Crohn disease and ulcerative colitis are chronic inflammatory bowel diseases (IBD) characterized by recurrent episodes of mucosal inflammation. This chronic mucosal inflammation has several potential consequences, one of which is the occurrence of colitis-associated colorectal cancer. Over the past decade, our understanding of the epidemiology, pathophysiology, and overall approach to diagnosing and managing colitis-associated colorectal cancer has grown considerably. In the current review article, we outline these advancements and highlight areas in need of further research. Cancer Prev Res; 9(12); 887–94. ©2016 AACR.

The increased risk for colorectal cancer among patients with inflammatory bowel disease (IBD) with colitis is well-established (1, 2). Earlier studies had suggested a substantial excess risk, with an estimated incidence of nearly 1% per year (3). More recently, an updated meta-analysis of population-based cohort studies has quantified the incidence of colorectal cancer among patients with IBD to be 1%, 2%, and 5% after 10, 20, and > 20 years of disease duration (4). Although this would suggest that the burden of this disease is declining, population-based data have been conflicting. A Danish study observed that the overall risk for colorectal cancer in ulcerative colitis was now similar to that of the general Danish population [relative risk (RR), 1.07; 95% confidence interval (CI), 0.95 – 1.21], and although the risk of colorectal cancer among patients with Crohn disease had remained stable over time, the risk of colorectal cancer among patients with ulcerative colitis had declined considerably (1979–1988: RR, 1.34, 95% CI, 1.13–1.58; 1999–2008: RR, 0.57, 95% CI, 0.41–0.80; ref. 5).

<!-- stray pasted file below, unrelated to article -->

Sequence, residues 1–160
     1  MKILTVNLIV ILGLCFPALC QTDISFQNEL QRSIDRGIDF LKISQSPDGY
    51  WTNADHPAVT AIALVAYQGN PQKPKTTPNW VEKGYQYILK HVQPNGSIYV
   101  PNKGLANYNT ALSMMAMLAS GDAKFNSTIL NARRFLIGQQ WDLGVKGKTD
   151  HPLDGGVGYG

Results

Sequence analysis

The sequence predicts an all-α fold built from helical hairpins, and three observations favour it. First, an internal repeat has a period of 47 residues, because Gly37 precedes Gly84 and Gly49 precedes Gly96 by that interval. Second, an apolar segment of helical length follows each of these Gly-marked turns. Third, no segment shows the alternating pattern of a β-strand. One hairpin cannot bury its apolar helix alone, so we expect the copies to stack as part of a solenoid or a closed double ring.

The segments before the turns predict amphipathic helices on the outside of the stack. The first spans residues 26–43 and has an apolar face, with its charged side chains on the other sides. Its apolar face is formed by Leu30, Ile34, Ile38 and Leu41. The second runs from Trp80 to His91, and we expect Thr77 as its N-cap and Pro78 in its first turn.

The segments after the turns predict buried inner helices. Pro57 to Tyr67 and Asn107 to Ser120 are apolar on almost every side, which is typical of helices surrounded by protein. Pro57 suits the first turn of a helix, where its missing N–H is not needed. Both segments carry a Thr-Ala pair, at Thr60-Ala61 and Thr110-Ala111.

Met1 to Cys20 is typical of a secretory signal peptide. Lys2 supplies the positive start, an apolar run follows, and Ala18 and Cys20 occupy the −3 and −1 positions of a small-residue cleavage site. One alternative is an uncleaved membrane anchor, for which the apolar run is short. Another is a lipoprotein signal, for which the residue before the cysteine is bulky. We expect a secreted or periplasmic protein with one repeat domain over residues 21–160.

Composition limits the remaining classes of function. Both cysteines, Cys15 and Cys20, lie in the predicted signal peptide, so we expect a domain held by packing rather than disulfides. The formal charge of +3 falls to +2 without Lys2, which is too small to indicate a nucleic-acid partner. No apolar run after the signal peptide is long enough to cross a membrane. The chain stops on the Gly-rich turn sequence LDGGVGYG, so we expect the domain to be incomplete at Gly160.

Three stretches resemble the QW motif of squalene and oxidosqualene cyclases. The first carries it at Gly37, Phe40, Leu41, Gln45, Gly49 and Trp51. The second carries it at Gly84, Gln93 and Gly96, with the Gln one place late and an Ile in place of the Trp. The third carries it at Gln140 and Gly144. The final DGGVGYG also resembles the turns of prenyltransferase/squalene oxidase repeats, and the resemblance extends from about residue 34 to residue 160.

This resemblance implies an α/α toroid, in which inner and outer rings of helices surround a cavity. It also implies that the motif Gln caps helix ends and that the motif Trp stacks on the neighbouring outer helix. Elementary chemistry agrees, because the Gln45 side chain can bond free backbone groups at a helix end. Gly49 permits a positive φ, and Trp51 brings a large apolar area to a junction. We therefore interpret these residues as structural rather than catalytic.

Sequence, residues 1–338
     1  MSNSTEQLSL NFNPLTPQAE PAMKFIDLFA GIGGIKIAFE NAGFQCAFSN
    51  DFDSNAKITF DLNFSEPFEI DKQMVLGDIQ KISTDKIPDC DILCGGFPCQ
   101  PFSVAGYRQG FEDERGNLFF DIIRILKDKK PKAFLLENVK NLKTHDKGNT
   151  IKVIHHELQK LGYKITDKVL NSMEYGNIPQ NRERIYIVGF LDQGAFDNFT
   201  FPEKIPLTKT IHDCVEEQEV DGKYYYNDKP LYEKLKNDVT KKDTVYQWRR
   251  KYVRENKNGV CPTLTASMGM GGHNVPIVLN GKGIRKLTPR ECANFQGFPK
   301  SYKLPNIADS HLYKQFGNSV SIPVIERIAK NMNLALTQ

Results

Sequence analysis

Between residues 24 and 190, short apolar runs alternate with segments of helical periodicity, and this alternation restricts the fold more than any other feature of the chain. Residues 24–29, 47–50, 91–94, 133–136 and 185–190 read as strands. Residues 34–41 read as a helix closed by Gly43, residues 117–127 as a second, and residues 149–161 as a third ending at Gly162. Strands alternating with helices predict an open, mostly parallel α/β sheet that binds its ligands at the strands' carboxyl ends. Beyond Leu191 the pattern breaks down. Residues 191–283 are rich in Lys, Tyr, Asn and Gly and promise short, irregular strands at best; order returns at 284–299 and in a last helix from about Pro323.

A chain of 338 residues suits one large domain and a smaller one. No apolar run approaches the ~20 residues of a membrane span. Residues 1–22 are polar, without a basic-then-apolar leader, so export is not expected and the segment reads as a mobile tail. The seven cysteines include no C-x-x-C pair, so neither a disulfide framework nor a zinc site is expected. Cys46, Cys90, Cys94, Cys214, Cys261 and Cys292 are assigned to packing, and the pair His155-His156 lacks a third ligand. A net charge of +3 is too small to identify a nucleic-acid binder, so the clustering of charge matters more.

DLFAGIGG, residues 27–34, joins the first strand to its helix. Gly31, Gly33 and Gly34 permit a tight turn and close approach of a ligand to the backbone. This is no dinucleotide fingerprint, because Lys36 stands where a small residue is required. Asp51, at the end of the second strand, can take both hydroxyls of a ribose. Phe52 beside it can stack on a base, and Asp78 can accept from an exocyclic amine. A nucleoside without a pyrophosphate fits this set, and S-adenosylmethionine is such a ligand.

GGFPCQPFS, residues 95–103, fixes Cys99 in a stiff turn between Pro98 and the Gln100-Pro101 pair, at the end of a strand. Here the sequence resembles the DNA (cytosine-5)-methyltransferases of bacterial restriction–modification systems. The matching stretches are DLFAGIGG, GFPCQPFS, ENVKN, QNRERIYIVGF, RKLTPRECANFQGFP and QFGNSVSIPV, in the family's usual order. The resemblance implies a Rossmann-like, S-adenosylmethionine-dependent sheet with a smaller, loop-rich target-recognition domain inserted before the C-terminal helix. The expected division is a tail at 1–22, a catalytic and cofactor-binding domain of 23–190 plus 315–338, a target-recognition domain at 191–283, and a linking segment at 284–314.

In contrast, a US-based study from the Kaiser Permanente Healthcare System observed that the incidence of colorectal cancer among patients with both ulcerative colitis and Crohn disease was 60% higher than the general population, even after accounting for the growth of colorectal cancer screening programs. Furthermore, observed incidence remained stable over time for both ulcerative colitis and Crohn disease (6). These variations in observations help highlight several key issues with prior studies. Dissimilarities in estimates are likely, in large part, due to different study designs, outcome classification and ascertainment, an inability to accurately classify disease onset, insufficient study size, and differences in the threshold for performing colectomy (7). Furthermore, the presence of active inflammation has a substantial impact on the ability to diagnose dysplasia. With advancements in biologic therapies and treatment strategies over time and improvements in disease control and quality of life, a lead time bias from early dysplasia detection in patients with well-controlled IBD without active inflammation may be partially responsible for varying incidence of colorectal cancer overtime and across populations, particularly when considering the advancements being made in endoscopic imaging technology. Taken together, colitis-associated colorectal cancer remains an important consequence of long-standing IBD with an estimated incidence of approximately 5% after 20 years of disease duration, but large-scale high-quality population-based studies are still needed to quantify its true burden.

Clinical risk factors